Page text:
By DAVID DUPONT BG Independent News Back when Bach’s music was new, the composer and other professional and student musicians would hang out at Cafe Zimmermann, a coffee house in Leipzig, Germany, to play the latest sounds. Apollo’s Fire, a Baroque music ensemble based in Cleveland, will take listeners back to that time in the mid-18th century when it presents “A Night at Bach’s Coffeehouse” Wednesday, Feb. 6, at 8 p.m. in Kobacker Hall on the Bowling Green State University campus. The free performance is part of Apollo Fire’s three-day residency presented by the Dorothy E. And Duwayne H. Hansen Musical Arts Series (https://www.bgsu.edu/musical-arts/events/residencies/hansen-musical-arts-series.html). During the residency the ensemble will hold open rehearsals and master classes for flutists and string players. The BGSU visit will feature an 11-member version of the ensemble, which was founded by Jeannette Sorrell 26 years ago. Kathie Stewart, the ensemble’s flutist, has been a collaborator and friend of Sorrell since before she started Apollo’s Fire. The two musicians met at Cincinnati Conservatory, where both were pursuing graduate work. Sorrell was studying harpsichord and conducting, and Stewart was working on a doctorate in flute performance. In Cincinnati, Stewart discovered her love of Baroque music. In the course of her studies, Stewart had played music from the history of flute from early music through contemporary. Her attention always seemed to return to the Baroque period. While later music tends to be “messy,” she said, “Baroque music is calm and clear. It gets messy enough, but then it all resolves.” By this time, Stewart said she was working hard on her instrumental studies. “But I wasn’t loving it.” The conservatory had a Baroque flute.  She took the instrument into a practice room to try to play music by Bach and Telemann. “It was horrifying,” she said. She found a book to guide her, and with that she applied herself to the period instrument.  “I tried things that were awkward and didn’t make sense on modern flute. They made perfect sense on the Baroque flute. I learned from the instrument what Baroque music was all about. Finally I was able to play the music I really loved on the instrument it was written for,” Stewart said. “It revived my appreciation for the flute in general. The  flute itself re-energized me to play music for the rest of my life.” A large part of that has been with Apollo’s Fire. Stewart said that Sorrell (who will not be with the ensemble at BGSU) was at Oberlin and a number of other early music enthusiasts were also in the area.  With Sorrell as leader and harpsichordist, they formed the core of Apollo’s Fire. “The audience is so supportive,” Stewart said. She said the orchestra’s been “amazed how really positive the audience has been for 26 years.” Cleveland was selected as the home base because of its proximity to Oberlin. At first, Cleveland was where the ensemble played. Then it branched out to Akron, and soon made short jaunts to other nearby cities. That circle expanded with longer tours throughout the country. About 10 years ago, Apollo’s Fire did the first of five European tours. The ensemble also expanded the range of music it played to include Celtic music and the traditional mountain sounds of the southern U.S. that were influenced by it. That music is close to the hearts of Sorrell and Stewart, who both grew up in that region. The ensemble’s most recent recording, “Christmas on Sugarloaf Mountain,” is devoted to that style. While modern listeners may make a clear distinction between pop sounds and classical sounds, in Bach’s time…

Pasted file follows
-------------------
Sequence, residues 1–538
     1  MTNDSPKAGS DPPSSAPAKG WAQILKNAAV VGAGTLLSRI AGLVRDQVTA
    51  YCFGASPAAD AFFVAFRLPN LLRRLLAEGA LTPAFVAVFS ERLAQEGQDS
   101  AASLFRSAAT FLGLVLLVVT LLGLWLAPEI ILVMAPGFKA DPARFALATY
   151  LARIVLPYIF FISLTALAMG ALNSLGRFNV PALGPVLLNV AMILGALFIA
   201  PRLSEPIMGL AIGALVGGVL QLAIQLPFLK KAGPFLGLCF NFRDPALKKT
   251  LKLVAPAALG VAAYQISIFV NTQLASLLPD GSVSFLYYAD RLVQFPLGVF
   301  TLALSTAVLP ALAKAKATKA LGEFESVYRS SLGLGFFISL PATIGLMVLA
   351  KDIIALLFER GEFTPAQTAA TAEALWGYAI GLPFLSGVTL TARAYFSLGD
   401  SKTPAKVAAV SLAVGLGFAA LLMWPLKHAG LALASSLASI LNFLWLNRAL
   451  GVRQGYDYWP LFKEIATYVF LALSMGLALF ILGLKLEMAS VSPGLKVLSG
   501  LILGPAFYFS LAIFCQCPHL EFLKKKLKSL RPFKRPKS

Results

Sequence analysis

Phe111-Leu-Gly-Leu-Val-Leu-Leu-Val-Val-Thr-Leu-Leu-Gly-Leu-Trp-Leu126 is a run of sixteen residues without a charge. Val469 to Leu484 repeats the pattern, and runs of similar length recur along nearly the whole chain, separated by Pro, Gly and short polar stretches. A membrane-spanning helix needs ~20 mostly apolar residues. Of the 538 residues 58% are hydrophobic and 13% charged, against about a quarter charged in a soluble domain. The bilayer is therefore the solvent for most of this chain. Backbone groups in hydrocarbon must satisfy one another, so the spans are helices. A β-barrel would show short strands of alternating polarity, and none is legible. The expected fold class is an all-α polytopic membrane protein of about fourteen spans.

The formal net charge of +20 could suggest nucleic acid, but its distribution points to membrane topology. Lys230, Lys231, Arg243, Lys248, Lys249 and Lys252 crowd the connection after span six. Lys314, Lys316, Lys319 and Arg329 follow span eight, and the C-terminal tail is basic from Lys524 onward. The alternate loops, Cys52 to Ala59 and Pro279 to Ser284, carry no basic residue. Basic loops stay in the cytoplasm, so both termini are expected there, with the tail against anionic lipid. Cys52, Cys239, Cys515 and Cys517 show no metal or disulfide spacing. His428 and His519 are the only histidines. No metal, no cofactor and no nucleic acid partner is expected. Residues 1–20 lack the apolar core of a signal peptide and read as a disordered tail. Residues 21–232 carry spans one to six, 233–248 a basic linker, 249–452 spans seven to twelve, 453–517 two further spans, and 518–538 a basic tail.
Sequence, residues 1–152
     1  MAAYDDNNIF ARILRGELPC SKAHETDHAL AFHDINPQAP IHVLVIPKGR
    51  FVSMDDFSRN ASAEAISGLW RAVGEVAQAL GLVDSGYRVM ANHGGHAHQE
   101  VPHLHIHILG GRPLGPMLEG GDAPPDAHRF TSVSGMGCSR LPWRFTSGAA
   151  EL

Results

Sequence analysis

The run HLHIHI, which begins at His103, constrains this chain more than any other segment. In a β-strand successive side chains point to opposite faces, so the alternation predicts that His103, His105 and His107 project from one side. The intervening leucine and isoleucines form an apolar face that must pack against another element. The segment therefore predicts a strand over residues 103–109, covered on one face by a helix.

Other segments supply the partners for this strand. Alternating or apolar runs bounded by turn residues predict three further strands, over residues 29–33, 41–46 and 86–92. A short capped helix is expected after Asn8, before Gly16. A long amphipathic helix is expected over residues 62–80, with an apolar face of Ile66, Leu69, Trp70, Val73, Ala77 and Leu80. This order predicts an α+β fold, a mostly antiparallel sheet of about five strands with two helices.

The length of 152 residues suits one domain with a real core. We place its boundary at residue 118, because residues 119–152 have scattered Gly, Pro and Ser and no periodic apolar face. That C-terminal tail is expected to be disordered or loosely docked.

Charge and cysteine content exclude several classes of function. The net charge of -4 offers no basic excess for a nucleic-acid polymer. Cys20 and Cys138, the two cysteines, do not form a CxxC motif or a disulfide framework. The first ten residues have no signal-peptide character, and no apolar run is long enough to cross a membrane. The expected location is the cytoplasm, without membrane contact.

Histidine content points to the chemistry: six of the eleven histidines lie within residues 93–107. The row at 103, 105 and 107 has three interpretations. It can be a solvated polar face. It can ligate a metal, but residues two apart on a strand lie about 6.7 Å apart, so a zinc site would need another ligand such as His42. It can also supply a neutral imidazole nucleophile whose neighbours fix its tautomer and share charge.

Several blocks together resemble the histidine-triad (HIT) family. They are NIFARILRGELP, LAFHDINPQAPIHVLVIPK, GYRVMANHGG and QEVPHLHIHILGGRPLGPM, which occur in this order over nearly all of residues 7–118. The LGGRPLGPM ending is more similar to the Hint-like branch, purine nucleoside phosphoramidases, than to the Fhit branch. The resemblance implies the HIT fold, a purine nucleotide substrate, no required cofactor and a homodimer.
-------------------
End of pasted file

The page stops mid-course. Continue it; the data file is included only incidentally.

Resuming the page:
BGSU arts events through Feb. 20

Jan. 30 – The Faculty Artist Series welcomes Brittany Lasch on trombone. Lasch is an assistant professor in the College of Musical Arts. As the second-place winner of the 2017-18 American Prize, she has appeared as soloist with numerous ensembles including the U.S. Army Band “Pershing’s Own,” the Queens Symphony and the Rodney Marsalis Philadelphia Big Brass. She also was a winner of Astral Artist’s 2017 National Auditions and the 2015 national Collegiate Solo Competition hosted by the U.S. Army Band. The recital will begin at 8 p.m. in Bryan Recital Hall at the Moore Musical Arts Center. Free. Jan. 31 – The Prout Reading Series presents poet Julie Webb and fiction writer Ali Miller during the first reading of the semester. Both women are MFA students in the BGSU Creative Writing program. The reading will begin at 7:30 p.m. in Prout Chapel. Free. Feb. 1 – The Center for Women and Gender Equity presents “Women, Gender and Poetry Open Mic,” featuring 1997 BGSU alumna Kayla William as the keynote speaker. The event, which runs from 10 a.m. to 2 p.m. in 207 Bowen-Thompson Student Union, includes collaborative poetry activities, blackout poetry tables and open mic time. Free Feb. 1 – The BGSU Department of Theatre and Film’s Elsewhere Productions presents “I Didn’t Want a Mastodon” by Halley Feiffer and directed by Melissa Snyder. The production will begin at 8 p.m. in the Eva Marie Saint Theatre at the Wolfe Center for the Arts. A second performance will begin at 8 p.m. on Feb. 2. Free  Feb. 2 – The College of Musical Arts will host the eighth annual David D. Dubois Piano Competition, which features accomplished high school pianists competing for prizes. Mariana Lomazov, a Ukrainian-American pianist, is this year’s guest artist for the piano competition. One of the most passionate and charismatic performers on the concert scene today, she is the Ira McKissick Koger Professor of Fine Arts at the University of South Carolina School of Music, where she is founder and artistic director of the Southeastern Piano Festival. She will present a solo piano recital at 8 p.m. in Bryan Recital Hall at the Moore Musical Arts Center. The competition semi-finals take place from 9 a.m. to 5 p.m. Feb. 2, and the finals will be held from 8:30 a.m. to noon Feb. 3, both in Kobacker Hall at the Moore Musical Arts Center. For more information about the competition and a full schedule, visit bgsu.edu/dubois. All events are free except Lomazov’s Saturday night recital. Tickets for the concert are $7 for adults and $3 for children and non-BGSU students in advance, $10 for all tickets on the day of the performance. Students with BGSU ID card, and the festival participants will get in free. Tickets are available at our website.  Feb. 3 – Praecepta, the BGSU student chapter of the Society of Composers Inc., presents “24/24,” which pairs performers and composers randomly to collaborate over a period of 48 hours. During the first 24 hours, the composer writes a piece for his or her paired performer. For the second 24 hours, the performer learns the piece. The resulting concert, with the performances of the newly composed and learned pieces, will begin at 4 p.m. in Bryan Recital Hall at the Moore Musical Arts Center. Free  Feb. 5-7 – Early music ensemble Apollo’s Fire presents “A Night at Bach’s Coffeehouse” at 8 p.m. Feb. 6 as part of its two-day Hansen Musical Arts Series residency. Inspired by the lively coffeehouse concerts led by J.S. Bach in 18th century Leipzig, Apollo’s Fire revives the baroque ideal that music should…